The remains of the Cabeza de Vaca cult centre of the Tumpis people can be found at
, 5 km south of Tumbes, but were heavily damaged by both the 1983 and 1997/1998 rains. The Incas built their fort of San Pedro on the site of the Tumpis settlement. The fort was visited by Pizarro on his way from the coast along the Inca coastal highway up to Cajamarca.
Three protected areas consisting of three distinct environments form the UNESCO Biosphere Reserve of northwest Peru. It is an area rich in wildlife and flora, but is little visited by travellers passing by en route between Peru and Ecuador. In a single day it is possible to visit all three areas and sample the rainforest, dry scrub and mangrove swamps.Santuario Nacional los Manglares de Tumbes
This national reserve was created to protect the mangrove ecosystem in the northernmost part of the Peruvian coast. It extends between the border with Ecuador in the north and Puerto Pizarro in the south. Of the 4750 remaining hectares, 2988 are protected. There are five species of mangrove, the main one being the red mangrove on whose roots the
live. At least 200 bird species have been recorded, eight of which are endemic, including the mangrove eagle. The mangroves are under threat from fresh water brought down by the rivers during El Niño and the expanding shrimp farming industry, though at 3000 ha it's small compared to that of Ecuador. The Río Tumbes is navigable by small boat to the mouth of the river, an interesting two-hour trip with fantastic birdlife and mangrove swamps. The mangrove swamps are full of pelicans; it's best to visit them at high tide. A few tame birds beg for fish on the beaches.
Parque Nacional Cerros de Amotape
Puerto Pizarro, a small, rubbish-strewn fishing port 13 km northeast of Tumbes, is another access point for the mangroves. Worth visiting from here is the research station where the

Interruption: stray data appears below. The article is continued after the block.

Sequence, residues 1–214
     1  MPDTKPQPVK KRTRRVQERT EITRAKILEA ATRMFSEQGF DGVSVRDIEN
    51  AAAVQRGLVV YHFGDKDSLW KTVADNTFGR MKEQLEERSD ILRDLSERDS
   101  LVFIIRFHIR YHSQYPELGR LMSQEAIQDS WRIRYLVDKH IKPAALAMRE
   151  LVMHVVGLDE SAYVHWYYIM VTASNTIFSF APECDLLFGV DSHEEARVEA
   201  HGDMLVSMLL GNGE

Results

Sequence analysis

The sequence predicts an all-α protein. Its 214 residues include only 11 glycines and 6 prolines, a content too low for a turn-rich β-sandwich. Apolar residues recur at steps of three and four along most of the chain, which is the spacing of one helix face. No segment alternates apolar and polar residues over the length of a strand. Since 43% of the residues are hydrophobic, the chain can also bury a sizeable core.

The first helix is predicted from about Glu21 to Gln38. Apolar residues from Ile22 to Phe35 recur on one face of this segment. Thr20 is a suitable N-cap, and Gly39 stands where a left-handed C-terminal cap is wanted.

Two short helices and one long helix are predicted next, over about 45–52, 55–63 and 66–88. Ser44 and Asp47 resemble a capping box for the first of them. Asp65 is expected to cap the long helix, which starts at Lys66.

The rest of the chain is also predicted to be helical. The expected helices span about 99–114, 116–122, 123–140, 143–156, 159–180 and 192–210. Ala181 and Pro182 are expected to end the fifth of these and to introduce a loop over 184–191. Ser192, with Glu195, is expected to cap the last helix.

Río Tumbes crocodile
, a UN Red-data species, is protected. The crocodile is found at the river's mouth, threatened by shrimp farming, and in the Río Tumbes' upper reaches, threatened by gold-mining.
The Parque Nacional Cerros de Amotape was created to protect an area representative of the equatorial forest. It extends southeast from the south bank of the Tumbes river, towards the El Angolo game preserve northeast of Máncora. It covers 90,700 ha comprising seven different habitats, including the best-preserved area of dry forest on the Pacific coast. Species that may be sighted include the black parrot, white-backed squirrels, foxes, deer, tigrillos, pumas and white-winged guan. Permission to enter is needed from Inrena, which Pronaturaleza can arrange. There is no entrance fee. All water must be carried, which is why most visitors choose to visit by tour.Zona Reservada de Tumbes
The Zona Reservada de Tumbes (75,000 ha), lies to the northeast of Tumbes, between the Ecuadorean border and Cerros de Amotape National Park. It was created to protect dry equatorial forest and tropical rainforest. The wildlife includes monkeys, otters, wild boars, small cats and crocodiles. Access from Tumbes is via Cabuyal, Pampas de Hospital and El Caucho to the Quebrada Faical research station or via Zarumilla and Matapalo. The best accessible forest is around El Narango, which lies beyond the research station.